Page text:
Frank Hewitt (October 23, 1935–September 5, 2002) was a hard bop jazz pianist. Born in Queens, New York, Hewitt lived most of his life in Harlem. His mother was a church pianist, and his initial study was classical and gospel music, but switched to jazz after hearing a Charlie Parker record. He took the bop pianists Thelonious Monk, Bud Powell and Elmo Hope as his role models. In the 1950s and 1960s he worked with Howard McGhee, Cecil Payne, John Coltrane, Dinah Washington and Billie Holiday, among others; in 1961 he also participated in the Living Theater's production of Jack Gelber's The Connection. He became a regular figure in the circle of the pianist Barry Harris. In the 1990s he became a central figure at New York's Smalls Jazz Club; aside from playing there several nights a week, he sometimes also ended up using the walk-in refrigerator as a place to bunk when times were rough.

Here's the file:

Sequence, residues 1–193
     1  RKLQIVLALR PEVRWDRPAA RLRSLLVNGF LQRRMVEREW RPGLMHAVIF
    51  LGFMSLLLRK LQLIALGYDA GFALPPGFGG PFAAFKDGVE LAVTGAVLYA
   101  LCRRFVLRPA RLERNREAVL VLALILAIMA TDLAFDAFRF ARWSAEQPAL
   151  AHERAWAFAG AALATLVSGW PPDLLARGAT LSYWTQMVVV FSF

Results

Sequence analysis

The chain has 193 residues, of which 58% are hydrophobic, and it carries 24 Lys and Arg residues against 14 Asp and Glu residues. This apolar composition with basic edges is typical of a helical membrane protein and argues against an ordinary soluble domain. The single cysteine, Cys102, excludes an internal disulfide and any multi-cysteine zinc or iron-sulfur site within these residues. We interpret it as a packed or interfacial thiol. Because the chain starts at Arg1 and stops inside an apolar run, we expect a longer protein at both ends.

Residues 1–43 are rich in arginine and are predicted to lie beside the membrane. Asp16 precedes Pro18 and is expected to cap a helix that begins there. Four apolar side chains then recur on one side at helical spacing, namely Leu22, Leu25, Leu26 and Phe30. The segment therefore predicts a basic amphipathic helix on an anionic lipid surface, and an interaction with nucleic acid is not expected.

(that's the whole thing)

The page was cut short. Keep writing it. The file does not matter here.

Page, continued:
During his lifetime only one track of Hewitt's playing was released, a version of the Kenny Dorham tune "Prince Albert" on the compilation Jazz Underground: Live at Smalls (Impulse, 1998). After his death, however, recordings began to surface on Smalls Records: the trio discs We Loved You, Not Afraid to Live, Fresh from the Cooler, and Out of the Clear Black Sky, and the quintet date Four Hundred Saturdays. His reputation has steadily grown among fans of bebop piano.